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|Index||22 reviews in total|
All of these reviews worth their salt catch on to the fact that this is a great adaption of the book. What they fail to mention is that the locations in this movie really give it that dark, haunting feel that is the underbelly of Los Angeles. LA is not all bright, blaring sunlight and perfectly straight rows of palm trees. The city's most interesting aspect is hidden in its shadows and the film captures that look perfectly.
I am amazed that, given the reviews of the film (all apart from two rate
film highly), how this film managed to score so poorly. Indeed, I think
a huge shame that it didn't get a better cinema release in this country. I
only saw it on video.
I thought it was excellent thriller in the noir tradition. There are three standout elements. First, the plot and feel of the film. These are faithful to James Ellroy's book, more so than in the case of LA Confidential. I was amazed how much of the detailed plot was included (and believe me Ellroy plots are detailed!) Secondly, Cynthia Millar's haunting piano score was probably largely responsible for my second viewing of the film. Thirdly, Michael Rooker's performance. I had only ever remembered him as the villain in Sea of Love, a part he played well but not outstandingly. Here, though, his hangdog expression served him excellently. He is a modern Robert Mitchum, born to play noir leads. Actually he's better, Mitchum was too smooth.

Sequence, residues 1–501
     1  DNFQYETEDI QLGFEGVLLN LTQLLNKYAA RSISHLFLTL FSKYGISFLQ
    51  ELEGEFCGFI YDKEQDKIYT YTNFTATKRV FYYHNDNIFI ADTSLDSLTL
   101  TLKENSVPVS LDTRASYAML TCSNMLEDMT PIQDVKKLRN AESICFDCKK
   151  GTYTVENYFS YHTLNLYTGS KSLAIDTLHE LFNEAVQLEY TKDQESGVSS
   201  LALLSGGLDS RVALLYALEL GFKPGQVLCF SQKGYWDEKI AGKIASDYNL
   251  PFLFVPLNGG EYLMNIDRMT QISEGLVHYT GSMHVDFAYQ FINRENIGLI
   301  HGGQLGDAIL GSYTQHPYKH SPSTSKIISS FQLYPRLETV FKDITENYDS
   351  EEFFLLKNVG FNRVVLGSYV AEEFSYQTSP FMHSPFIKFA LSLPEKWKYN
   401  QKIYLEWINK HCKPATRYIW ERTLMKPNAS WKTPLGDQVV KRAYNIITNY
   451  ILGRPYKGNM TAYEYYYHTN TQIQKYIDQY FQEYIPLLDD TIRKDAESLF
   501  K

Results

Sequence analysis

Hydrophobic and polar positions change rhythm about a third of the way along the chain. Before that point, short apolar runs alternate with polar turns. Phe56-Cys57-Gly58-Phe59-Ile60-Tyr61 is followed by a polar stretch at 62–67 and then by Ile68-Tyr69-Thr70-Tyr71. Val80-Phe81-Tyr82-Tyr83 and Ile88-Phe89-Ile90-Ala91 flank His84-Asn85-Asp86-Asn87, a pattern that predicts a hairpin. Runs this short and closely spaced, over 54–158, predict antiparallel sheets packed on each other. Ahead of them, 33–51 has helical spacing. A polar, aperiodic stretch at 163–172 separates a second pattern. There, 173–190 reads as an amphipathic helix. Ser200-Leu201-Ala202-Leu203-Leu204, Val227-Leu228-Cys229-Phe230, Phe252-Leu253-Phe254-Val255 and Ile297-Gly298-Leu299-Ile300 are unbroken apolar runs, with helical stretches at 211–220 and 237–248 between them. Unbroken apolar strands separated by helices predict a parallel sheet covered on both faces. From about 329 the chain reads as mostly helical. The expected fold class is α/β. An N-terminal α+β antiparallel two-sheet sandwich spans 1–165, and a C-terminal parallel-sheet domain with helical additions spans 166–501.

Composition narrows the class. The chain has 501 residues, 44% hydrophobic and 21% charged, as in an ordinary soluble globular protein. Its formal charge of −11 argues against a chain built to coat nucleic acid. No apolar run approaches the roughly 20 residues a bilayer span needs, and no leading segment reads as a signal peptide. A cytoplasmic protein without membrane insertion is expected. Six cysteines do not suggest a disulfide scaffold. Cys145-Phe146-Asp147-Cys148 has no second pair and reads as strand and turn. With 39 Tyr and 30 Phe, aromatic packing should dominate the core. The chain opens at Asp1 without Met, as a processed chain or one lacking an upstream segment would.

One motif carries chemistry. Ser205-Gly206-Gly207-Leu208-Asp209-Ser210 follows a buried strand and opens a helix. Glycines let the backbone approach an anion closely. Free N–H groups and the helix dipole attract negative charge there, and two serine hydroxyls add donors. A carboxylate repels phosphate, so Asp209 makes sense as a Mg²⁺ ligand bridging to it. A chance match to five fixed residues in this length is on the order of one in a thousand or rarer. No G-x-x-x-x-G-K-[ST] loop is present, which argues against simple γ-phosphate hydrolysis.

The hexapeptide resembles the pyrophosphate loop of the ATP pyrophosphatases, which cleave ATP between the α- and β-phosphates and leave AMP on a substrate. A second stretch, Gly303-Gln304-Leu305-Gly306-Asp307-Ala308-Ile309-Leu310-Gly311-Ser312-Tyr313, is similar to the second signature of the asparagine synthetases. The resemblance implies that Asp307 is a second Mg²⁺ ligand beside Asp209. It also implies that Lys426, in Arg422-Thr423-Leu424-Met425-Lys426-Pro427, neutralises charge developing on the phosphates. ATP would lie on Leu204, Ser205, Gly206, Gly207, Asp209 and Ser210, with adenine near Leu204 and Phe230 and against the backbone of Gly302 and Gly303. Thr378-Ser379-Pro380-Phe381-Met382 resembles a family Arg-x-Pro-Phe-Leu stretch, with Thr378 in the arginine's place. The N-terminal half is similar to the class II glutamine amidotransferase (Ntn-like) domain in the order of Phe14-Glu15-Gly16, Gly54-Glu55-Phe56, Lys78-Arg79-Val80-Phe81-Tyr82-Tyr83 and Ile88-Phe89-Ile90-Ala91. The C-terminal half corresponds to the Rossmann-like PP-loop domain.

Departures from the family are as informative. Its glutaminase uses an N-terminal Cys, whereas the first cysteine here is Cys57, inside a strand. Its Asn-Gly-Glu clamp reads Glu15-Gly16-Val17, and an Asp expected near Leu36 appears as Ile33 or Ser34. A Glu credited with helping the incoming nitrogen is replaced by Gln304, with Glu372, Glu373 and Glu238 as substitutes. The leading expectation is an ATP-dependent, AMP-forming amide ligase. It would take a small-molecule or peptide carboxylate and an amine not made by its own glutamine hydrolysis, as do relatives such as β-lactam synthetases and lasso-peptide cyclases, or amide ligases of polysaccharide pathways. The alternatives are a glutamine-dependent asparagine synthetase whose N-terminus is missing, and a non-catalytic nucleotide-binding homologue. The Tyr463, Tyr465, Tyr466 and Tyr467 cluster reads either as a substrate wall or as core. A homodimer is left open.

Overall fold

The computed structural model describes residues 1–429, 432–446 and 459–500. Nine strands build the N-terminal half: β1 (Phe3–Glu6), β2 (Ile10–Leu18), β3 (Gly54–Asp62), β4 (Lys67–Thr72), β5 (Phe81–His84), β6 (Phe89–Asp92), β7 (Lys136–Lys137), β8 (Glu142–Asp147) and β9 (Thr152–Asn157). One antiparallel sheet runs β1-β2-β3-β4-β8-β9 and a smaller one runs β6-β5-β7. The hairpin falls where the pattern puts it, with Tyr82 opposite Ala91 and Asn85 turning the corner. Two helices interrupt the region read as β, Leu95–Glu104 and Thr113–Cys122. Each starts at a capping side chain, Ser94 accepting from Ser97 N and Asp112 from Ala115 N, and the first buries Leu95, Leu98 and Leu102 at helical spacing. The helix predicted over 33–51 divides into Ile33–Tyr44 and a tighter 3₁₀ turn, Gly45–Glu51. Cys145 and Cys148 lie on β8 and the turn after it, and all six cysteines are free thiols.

Highly recommended. Go see it and give it more deserving marks on the board than it has at the moment. I haven't mentioned Jason Freedland's contribution, but I hope to see more from this talented director, given his superb first attempt.
I watched this film on DVD and it was just a chance to catch Michael Rooker in the lead role of Fritz Brown, an ex-cop, repo man, and part time detective. Michael plays him with streetwise honesty and toughness but makes it believable and yet shows the weaknesses, and vulnerabilities and flaws of the character. I really enjoyed watching him play these kinds of characters and it's a nice change from seeing him not play a villain or a psychopath. This is an excellent film noir and the best I've ever seen James Freeland has done a brilliant job with this film. The beautiful music score in the opening and closing for the film just fits together with the sad tone of the character. Michael Rooker is one of my favourite actors and I think he did an amazing job in this role he is one of the most underrated actors in Hollywood I hope to see him in more future films.